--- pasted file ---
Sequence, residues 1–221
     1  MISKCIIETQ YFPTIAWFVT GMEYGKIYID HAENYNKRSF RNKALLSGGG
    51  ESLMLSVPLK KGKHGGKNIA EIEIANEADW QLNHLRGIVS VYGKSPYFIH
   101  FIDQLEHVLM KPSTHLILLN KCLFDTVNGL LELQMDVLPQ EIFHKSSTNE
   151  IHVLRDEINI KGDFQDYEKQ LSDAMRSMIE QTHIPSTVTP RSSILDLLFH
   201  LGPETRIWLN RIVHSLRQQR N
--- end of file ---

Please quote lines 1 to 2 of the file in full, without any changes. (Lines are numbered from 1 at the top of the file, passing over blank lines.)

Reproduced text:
Sequence, residues 1–221
     1  MISKCIIETQ YFPTIAWFVT GMEYGKIYID HAENYNKRSF RNKALLSGGG